Guest post by Norbert Haguma
Norbert is the co-Founder of AfricaGen, a pan-African technology social enterprise whose main goal is to mobilise Africans to solve some of the continent's most urgent issues using science and technology. He is also the CEO of AfrOrient Group, a China-Africa trade and investment company.
African Continental Free Trade Area (AfCFTA): a real opportunity
The opinions expressed in this article are solely those of the author, and do not necessarily reflect the opinions or views of the Mo Ibrahim Foundation.
The AfCFTA entered into force on 30 May 2019, and this week Nigeria – the biggest economy on the continent – has confirmed it will sign the AfCFTA at the upcoming 12th Extraordinary Summit on AfCFTA in Niamey, Niger.
As highlighted in the 2019 Ibrahim Forum Report, the AfCFTA has the potential to become the largest regional agreement in the world in terms of participating countries; creating a single continental market for goods and services as well as a customs union with free movement of capital and persons.
This is an extraordinary moment in Africa’s history, a result of decades of negotiations and all kinds of delays that came from both within and outside Africa. The concept of a continental single market goes as far back as at the birth of the African Union’s (AU) predecessor the Organisation of African Unity (OAU) in 1963. This idea dates from even before that in the 19th century with the birth of the pan-African movement. It took this long because it required a certain level of coordination, shared vision, technical and technological capacity that did not previously exist on the continent. More than anything, it is a message to the African youth that Africa, with a growing population of 1.2 billion people with potential access to finance, is open for business.
While this is a moment to celebrate, there are many issues Africans will have to overcome in order to take full advantage of the single African market. From free movement of people to digital identities, from harmonisation of tariffs to harmonisation of regulations. The biggest challenges will be to build the physical infrastructure to link the continent, and it will take time: the trans-Africa highway network system will take at least 20 years, while the 12,000 km Integrated High Speed Train Network will take even longer.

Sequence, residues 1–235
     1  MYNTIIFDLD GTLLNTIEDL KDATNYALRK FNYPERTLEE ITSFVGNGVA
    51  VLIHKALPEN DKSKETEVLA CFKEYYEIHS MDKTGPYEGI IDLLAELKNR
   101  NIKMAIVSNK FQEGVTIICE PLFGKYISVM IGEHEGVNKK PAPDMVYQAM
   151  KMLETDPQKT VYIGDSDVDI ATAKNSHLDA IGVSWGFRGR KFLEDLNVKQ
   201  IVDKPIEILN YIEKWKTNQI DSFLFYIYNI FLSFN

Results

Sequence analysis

Electronic payments in Africa have reached unprecedented levels. According to a report published by the Rwanda Central Bank in February this year, 34% of the country’s GDP is electronic payments. However, from my experience of making payments from Rwanda, you can only use mobile money to pay Kenya and Uganda. This means that most Rwandans cannot access digital money from most other African nations, and most Rwandan businesses cannot get payments from other African countries.
An African currency has been talked about for many years, ECOWAS recently announced the creation of the ECO, a currency that will unite 15 countries in West Africa. It may however take many years for the African currency to arrive. Some even argue it might not be a good idea, given the experience of the Euro.
The low hanging fruit, and the most efficient way to get hundreds of millions of Africans to exchange goods and services is the creation of a solution to make all the different wallets on the continent interoperable, from bank accounts to mobile money accounts.
The African youth today, who will be the main beneficiaries of the AfCFTA, and the largest workforce on the planet by 2035, is already connected to the internet, mostly through the Facebook ecosystem comprising of Facebook, WhatsApp and Instagram, the three most important social networks on the continent. The youth is more information-connected, but can barely make money from it.
While mobile money has been extremely useful on the continent, especially for sending funds within one country and for informal commerce, the fact it is based on mobile numbers as a unique identifier is a major limitation to scaling: it lacks privacy for business. For example, you cannot ask someone famous to list their personal mobile number in order to receive money.
If money cannot move freely across Africa, then Facebook’s Libra could become the most important trade tool on the continent making Facebook more powerful than anything else.
In the next five to ten years, money in Africa will be much more digital, with most Africans having at least one digital wallet. The challenge and opportunity is to make those wallets interoperable, so that I can send my Rwandan Francs to a friend in Ethiopia, and they receive Ethiopian Birr instantly and securely. The post-CFTA Africa needs one thing above all: frictionless payments, so that just as the internet has allowed Africans to share information, the time has arrived for citizens across the continent to send and receive money efficiently, and for a reasonable fee.
What Facebook has understood, is that trying to create a single payment system in Africa or elsewhere is almost impossible. It would require complex regulatory approvals, and high risks in terms of technology, but having different independent digital wallets that connect through blockchain technology is doable, both in terms of technology and regulation. Even though there are other technologies available, blockchain technology is young enough that Africa can catch up and even lead the world, if we put our mind to it.
This could create 1.2 billion connected digital wallets for Africa’s digital economy, and result in an explosion of jobs, from gig-economy and e-commerce jobs, to digital marketing. For that we need a continental effort as formidable as what it took to gain our independence and to launch the AfCFTA.